Lower Blood Pressure with These Salt Substitutes

Filed Under: Heart Health, Blood Pressure Webinar
Last Reviewed 09/18/2014

Lower Blood Pressure with These Salt Substitutes

To lower blood pressure, I highly recommend my anti-inflammatory Pan-Asian Mediterranean (PAM) diet, as well as cutting back on the use of salt. However, not everyone's hypertension is caused by their salt intake. For those who are salt sensitive, many complain that foods taste too bland without it.

That doesn’t need to be the case. If you are salt sensitive there are a number of savory salt substitutes that you can regularly include in your diet to maximize your ability to control your blood pressure reading naturally and make your meals tastier. If you season your meals to perfection with these four ingredients—you’ll enjoy great flavor and lower your blood pressure at the same time:

Four Tasty Salt Substitutes


You may not have heard of curcumin before, but you probably have heard of turmeric—the spice that is best known as an ingredient in Indian curry and yellow mustard. Turmeric has been my No. 1 cardiovascular spice for years, and its yellow color comes from curcumin—a powerful antioxidant and anti-inflammatory compound that’s been found to reduce the excess platelet aggregation that occurs in sticky, clot-forming blood. Plus, animal research suggests that it may reduce cardiomyopathy, but more human research is needed in the hypertensive population. That’s why I recommend cooking with plenty of turmeric, and especially as a salt substitute. If you wish to take curcumin as a nutritional supplement, try 500–750 mg daily.


Ginger—the smart man’s aspirin—is a potent blood thinner and anti-inflammatory agent that can help you lower your blood pressure. You can try commercial organic ginger teas, or make your own from ginger root. Simply chop the root into small pieces and boil for about five minutes. You can also use sliced or grated ginger to spice up any dish, as I frequently do with wild salmon.


Like ginger, garlic is an excellent natural blood thinner. So effective, in fact, that I instruct some patients to lay off garlic—as well as ginger—if they are on a pharmaceutical blood thinner like Coumadin. As for garlic’s effect on blood pressure, a recent Australian review of 11 studies in which patients with high blood pressure were randomly given garlic or a placebo found that garlic can lower blood pressure as effectively as some drugs. Dosages taken by the subjects in the studies ranged from 600 to 900 mg over a period of three to six months.

There’s an old saying among Italian chefs that there’s never enough garlic in a dish. I agree. I love to cook, and I always chop up at least one clove when I make spaghetti sauce (I suggest you include this salt substitute in your salads and sauces). Four cloves of garlic (about four grams) daily are required to achieve a noticeable blood pressure-lowering effect. If you have an aversion to garlic’s trademark odor, then try an odor-free garlic supplement. I like enteric-coated softgel garlic capsules (softgels are better absorbed in the body). Take 500–1,000 mg daily in divided doses.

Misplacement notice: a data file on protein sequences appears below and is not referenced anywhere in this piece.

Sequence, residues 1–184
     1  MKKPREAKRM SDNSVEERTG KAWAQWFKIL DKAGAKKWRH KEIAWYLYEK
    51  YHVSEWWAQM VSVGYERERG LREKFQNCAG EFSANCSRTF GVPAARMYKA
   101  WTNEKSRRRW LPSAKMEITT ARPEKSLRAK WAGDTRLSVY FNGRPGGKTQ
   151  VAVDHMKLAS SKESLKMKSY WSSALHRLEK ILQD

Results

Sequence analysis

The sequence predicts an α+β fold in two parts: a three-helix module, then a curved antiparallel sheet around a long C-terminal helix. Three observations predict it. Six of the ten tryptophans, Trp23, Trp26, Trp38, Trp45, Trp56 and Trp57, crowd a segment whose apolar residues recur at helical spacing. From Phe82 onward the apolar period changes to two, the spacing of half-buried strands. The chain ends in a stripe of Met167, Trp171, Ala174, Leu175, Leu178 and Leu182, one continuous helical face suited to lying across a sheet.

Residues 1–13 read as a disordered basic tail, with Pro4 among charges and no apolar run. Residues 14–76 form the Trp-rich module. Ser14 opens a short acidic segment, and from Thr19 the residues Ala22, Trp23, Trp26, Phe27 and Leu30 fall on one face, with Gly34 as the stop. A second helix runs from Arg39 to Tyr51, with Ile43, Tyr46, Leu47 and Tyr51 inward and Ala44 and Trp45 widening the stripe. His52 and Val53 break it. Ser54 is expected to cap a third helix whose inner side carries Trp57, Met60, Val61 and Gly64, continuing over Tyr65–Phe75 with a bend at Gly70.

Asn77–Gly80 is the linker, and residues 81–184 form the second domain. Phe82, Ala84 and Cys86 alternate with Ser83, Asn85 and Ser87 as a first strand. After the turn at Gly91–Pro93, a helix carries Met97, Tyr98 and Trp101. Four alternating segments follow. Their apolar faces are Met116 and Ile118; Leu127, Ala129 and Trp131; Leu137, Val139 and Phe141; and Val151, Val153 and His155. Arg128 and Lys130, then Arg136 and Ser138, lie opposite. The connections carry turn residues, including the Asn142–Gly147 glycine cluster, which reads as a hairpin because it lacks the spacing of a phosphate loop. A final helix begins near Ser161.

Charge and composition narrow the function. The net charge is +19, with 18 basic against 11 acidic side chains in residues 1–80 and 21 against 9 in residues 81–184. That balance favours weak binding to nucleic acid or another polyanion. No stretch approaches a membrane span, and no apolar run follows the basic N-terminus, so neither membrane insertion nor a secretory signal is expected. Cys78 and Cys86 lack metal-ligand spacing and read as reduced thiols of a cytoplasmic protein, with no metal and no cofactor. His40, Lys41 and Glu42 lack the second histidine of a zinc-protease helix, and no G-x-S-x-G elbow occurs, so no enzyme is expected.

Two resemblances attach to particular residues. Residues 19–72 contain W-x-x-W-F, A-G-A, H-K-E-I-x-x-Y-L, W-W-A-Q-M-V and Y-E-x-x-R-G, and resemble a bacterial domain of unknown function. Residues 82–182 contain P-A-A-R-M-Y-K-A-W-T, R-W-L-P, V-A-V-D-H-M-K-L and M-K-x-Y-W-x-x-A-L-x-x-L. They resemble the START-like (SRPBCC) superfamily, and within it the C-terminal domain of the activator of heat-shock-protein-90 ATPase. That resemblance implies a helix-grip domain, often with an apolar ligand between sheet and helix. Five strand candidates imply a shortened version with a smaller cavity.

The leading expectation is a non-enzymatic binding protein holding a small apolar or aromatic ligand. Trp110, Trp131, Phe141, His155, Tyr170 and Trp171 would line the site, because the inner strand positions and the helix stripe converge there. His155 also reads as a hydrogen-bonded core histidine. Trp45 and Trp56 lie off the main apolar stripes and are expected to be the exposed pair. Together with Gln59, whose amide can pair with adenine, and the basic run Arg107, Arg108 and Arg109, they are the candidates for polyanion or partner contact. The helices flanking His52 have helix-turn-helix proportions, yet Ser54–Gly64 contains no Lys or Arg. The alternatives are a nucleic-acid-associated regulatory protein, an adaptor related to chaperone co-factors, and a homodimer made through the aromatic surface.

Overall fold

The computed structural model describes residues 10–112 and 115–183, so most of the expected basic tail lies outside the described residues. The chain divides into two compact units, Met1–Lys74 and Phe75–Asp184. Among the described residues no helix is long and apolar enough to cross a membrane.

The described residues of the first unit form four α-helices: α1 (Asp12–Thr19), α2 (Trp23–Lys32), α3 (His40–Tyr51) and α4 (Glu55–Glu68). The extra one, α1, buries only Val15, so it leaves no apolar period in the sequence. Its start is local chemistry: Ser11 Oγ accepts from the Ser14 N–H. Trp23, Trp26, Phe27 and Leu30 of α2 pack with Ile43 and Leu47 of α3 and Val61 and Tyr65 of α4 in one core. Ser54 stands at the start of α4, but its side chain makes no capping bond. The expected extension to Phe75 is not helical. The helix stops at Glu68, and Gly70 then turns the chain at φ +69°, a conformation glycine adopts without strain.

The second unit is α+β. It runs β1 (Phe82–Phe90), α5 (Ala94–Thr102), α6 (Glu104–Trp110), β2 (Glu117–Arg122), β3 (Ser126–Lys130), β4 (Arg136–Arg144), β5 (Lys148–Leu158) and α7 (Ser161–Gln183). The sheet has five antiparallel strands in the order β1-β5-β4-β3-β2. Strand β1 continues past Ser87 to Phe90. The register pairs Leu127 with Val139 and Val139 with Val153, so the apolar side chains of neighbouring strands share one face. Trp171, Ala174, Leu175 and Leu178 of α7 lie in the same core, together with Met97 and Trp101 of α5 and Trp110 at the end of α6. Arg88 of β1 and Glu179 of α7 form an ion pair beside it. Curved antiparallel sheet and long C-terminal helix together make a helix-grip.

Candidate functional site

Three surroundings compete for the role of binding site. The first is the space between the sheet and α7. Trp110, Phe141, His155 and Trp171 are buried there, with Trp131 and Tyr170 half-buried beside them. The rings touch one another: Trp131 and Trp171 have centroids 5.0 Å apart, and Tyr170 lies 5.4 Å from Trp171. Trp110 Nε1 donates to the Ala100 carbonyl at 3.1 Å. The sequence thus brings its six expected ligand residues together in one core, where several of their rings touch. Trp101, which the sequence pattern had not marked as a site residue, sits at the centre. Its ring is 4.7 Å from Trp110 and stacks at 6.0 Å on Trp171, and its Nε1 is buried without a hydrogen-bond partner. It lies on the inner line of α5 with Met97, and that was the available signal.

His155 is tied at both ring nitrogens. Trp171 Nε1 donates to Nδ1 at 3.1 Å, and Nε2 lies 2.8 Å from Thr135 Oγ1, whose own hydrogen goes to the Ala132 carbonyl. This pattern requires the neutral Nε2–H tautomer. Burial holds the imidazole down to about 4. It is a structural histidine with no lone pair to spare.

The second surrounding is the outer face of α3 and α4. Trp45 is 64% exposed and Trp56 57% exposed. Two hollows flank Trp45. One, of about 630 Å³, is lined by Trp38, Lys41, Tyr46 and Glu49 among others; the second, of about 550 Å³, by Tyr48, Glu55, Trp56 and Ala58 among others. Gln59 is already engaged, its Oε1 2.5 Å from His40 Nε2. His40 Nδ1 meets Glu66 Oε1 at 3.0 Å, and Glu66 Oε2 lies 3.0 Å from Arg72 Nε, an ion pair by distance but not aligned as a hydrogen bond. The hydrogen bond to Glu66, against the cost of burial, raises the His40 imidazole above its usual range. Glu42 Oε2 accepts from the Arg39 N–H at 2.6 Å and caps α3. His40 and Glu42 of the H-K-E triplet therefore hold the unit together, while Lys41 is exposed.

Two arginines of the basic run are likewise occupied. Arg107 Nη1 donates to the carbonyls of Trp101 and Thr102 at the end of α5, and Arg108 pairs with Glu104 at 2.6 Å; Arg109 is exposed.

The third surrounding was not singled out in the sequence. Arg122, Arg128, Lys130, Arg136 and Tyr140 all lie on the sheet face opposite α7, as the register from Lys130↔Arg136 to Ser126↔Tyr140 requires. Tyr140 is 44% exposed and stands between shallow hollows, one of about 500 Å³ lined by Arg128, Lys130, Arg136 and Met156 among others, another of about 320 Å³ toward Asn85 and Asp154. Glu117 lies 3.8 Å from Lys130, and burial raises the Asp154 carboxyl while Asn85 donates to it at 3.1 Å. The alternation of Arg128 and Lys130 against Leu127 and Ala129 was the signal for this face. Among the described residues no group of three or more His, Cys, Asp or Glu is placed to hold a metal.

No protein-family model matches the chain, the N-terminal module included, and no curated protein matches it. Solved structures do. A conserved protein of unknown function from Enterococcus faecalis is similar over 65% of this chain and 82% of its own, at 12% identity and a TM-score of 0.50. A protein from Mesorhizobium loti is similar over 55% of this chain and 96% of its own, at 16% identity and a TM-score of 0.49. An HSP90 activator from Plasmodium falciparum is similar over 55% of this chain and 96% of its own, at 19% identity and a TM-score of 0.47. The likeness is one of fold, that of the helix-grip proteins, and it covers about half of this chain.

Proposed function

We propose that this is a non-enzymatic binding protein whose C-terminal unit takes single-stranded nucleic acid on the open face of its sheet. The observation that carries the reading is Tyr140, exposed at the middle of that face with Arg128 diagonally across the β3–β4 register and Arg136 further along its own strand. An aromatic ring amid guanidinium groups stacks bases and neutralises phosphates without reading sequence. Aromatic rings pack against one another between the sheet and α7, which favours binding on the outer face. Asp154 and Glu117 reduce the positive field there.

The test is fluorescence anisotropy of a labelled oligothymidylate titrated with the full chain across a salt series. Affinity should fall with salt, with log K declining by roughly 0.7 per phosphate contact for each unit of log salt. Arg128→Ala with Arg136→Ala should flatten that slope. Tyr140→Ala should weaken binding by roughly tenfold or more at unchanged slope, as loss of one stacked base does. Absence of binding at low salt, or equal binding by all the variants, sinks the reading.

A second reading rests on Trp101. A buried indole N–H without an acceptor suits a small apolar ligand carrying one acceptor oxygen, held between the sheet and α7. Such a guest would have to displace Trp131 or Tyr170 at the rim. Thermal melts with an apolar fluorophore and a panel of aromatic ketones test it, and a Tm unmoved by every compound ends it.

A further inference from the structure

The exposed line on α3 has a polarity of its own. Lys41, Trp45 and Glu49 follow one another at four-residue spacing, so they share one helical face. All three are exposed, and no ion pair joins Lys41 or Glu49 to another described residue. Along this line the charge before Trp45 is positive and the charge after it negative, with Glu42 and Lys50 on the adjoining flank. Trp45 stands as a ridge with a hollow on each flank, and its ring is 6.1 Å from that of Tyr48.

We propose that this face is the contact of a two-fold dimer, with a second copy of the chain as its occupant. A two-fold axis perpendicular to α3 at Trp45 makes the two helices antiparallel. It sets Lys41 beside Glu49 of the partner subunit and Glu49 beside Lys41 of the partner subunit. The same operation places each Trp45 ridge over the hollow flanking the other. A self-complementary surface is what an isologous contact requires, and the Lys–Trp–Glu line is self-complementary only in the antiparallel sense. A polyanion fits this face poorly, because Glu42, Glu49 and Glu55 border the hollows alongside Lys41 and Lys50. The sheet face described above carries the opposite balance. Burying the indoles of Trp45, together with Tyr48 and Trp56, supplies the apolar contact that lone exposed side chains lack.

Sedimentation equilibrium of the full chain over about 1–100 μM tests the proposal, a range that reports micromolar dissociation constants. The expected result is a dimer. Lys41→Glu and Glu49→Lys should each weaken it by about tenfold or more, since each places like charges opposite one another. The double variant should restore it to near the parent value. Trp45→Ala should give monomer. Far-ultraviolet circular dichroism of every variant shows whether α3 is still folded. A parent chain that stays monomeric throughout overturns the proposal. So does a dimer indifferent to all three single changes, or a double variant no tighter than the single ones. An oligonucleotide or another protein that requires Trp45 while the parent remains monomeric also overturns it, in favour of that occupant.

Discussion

Cayenne Pepper

The key compound in cayenne pepper is a pungent substance called capsaicin, which is the main active ingredient in a number of over-the-counter “hot creams” for joint and muscle pain. Capsaicin creates the sensation of heat through a thermogenic effect that raises body temperature and boosts circulation in the area where it’s applied.

Over the years, patients have told me that capsaicin—which is available as a supplement—has helped alleviate angina and improve heart failure. I don’t know the precise reason why, but I suspect it has vasodilating properties, which explains why it increases circulation (and temperature) wherever it’s applied. Capsaicin is also an antioxidant known to reduce lipid oxidation and decrease platelet stickiness. As a supplement, you can take 2,000–4,000 mg of cayenne every other day. You can also cook with red pepper in chili or other dishes once a week. Just don’t overdo it. Too much cayenne may be harmful to DNA.

More Dr. Sinatra Advice on Diet and Blood Pressure

Which specific foods can help lower blood pressure? Discover the foods that will improve your blood pressure reading the most.

Does excess salt cause high blood pressure? Learn why you need to watch your salt intake to lower blood pressure.

Does excess sugar cause high blood pressure? Get the details on how a high-sugar diet can raise your blood pressure reading.

DISCLAIMER: The content of DrSinatra.com is offered on an informational basis only, and is not intended to be a substitute for professional medical advice, diagnosis, or treatment. Always seek the guidance of a qualified health provider before making any adjustment to a medication or treatment you are currently using, and/or starting any new medication or treatment. All recommendations are "generally informational" and not specifically applicable to any individual's medical problems, concerns and/or needs.

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